• The U.S., for instance, is considering building smaller nuclear weapons to target buried facilities.
  • Pakistan has tested nuclear weapons that could be deployed on the battlefield.
  • Russia may be developing new, intermediate-range missiles in contravention of an arms control treaty with the U.S.
  • India is deploying nuclear weapons on new submarines.
  • China is fielding new long-range missiles with multiple nuclear warheads.
  • North Korea is racing to test and field a scary array of nuclear missiles.

None of the weapons possessors seems particularly concerned with the stigma created by the prohibition treaty.

What can be done to address the problem of disarmament & deterrence ?

In states possessing nuclear weapons, civil society actors can :-

  • Challenge the most expansive and dangerous ideas that extend nuclear deterrence objectives to absurd ends.
  • Sharp analysis can highlight the magical thinking offered by many nuclear weapons advocates to paper over flaws in logic or distract from improbable assumptions.
  • It is useful to foster debate that forces policymakers to justify their investment in nuclear weapons.

In states desiring to prohibit nuclear weapons, civil society actors can :-

  • Encourage actions and policies that aim to mitigate security threats that drive demand for nuclear weapons.
  • Strengthening international institutions and mechanisms that prevent proliferation and enhance the credible peaceful uses of nuclear technology is a critical enabler of disarmament.
Conclusion :-

In expanding the middle ground between nuclear disarmament and nuclear deterrence will require the same ambition and idealism that drove the conclusion of the nuclear prohibition treaty. It will require innovation and perseverance to identify and promote mechanisms to reduce risks of nuclear use. And it will require building trust that states and civil society actors on either side of the debate share the objective of mutual security.


TOPIC NO. 3 :-
THE CASE FOR A PUBLIC HEALTH CADRE

Idea of having dedicated personnel for public health management goes back to

  • In 1959, when advocated by the Mudaliar Committee, which observed that “personnel dealing with problems of health and welfare should have a comprehensive and wide outlook and rich experience of administration at the state level”.
  • In 1973, by the Kartar Singh Committee, which said that “doctors with no formal training in infectious disease control, surveillance systems, data management, community health related problems, and lacking in leadership and communication skills, with no exposure to rural environments and their social dynamics, nor having been trained to manage a facility or draw up budget estimates, were ill-equipped and misfits to work in public facilities”.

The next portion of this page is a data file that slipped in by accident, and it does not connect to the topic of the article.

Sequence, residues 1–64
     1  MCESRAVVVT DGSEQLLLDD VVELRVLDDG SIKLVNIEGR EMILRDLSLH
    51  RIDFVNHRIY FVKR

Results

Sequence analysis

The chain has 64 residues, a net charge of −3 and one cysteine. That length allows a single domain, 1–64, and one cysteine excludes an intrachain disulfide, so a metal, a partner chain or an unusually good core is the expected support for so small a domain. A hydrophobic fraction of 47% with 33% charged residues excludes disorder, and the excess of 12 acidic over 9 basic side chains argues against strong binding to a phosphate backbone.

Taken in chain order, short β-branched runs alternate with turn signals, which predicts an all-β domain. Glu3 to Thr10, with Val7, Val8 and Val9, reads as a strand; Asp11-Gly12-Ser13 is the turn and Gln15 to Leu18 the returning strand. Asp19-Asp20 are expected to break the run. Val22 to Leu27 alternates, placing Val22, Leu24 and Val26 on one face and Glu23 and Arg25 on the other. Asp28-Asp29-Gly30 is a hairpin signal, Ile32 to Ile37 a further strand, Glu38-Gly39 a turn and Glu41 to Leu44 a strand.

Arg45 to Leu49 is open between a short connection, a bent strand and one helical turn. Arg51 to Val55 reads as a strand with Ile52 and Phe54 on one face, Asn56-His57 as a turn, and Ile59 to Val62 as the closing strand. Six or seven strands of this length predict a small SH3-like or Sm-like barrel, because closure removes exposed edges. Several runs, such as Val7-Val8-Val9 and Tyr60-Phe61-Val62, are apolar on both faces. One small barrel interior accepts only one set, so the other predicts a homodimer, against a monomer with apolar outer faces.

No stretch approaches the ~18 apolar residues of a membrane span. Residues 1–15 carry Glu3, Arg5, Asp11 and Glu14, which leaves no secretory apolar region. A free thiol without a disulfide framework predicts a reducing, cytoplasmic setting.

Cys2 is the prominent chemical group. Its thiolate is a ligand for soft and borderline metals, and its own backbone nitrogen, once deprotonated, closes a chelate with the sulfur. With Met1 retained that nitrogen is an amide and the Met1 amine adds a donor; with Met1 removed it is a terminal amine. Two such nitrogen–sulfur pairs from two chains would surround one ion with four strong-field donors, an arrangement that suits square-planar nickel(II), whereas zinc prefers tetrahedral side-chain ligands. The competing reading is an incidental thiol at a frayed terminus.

The 12th Five Year Plan and the National Health Policy, 2017 have also strongly advocated establishing a public health management cadre to improve the quality of health services by having dedicated, trained and exclusive personnel to run public health facilities.
 Issues faced by Health Care System:-
  • Lack of standardisation
  • Financial management
  • Appropriate health functionaries and competencies
  • Technical expertise
  • Logistics management
  • Social determinants of health and leadership.
Present Scenario :-
  • Doctors with clinical qualifications and even with vast experience are unable to address all these challenges, thereby hampering the quality of our public health-care system.
  • An anaesthetist or an ophthalmologist with hardly any public health knowledge and its principles is required to implement reproductive and child health or a malaria control programme.
  • At the Ministry level, the highest post may be held by a person with no formal training in the principles of public health to guide and advise the country on public health issues.
Why to have such a cadre ?
  • Having dedicated, professionally trained personnel to address the specific and complex needs of the Indian health-care delivery system .
  • We will have personnel who can apply the principles of public health management to avoid mistakes such as one that led to the tragedy in Uttar Pradesh as well as deliver quality services.
  • Improve the efficiency and effectiveness of the Indian health system.
  • With quality and a scientific implementation of public health programmes, the poor will also stand to benefit as this will reduce their out-of-pocket expenditure and dependence on prohibitively expensive private health care.
  • We will also be saving the precious resources of specialists from other branches by deploying them in areas where they are definitely needed.
What this cadre will lead to in future ?
  • Developing the recruitment, training, implementation and monitoring of public health management cadre.
  • Doctors recruited under this cadre may be trained in public health management on the lines of the civil service with compulsory posting for two-three years at public health facilities.
  • Improved planning and providing much-needed public health leadership.
  • Freeing up of bureaucrats and their utilisation in other much needed places.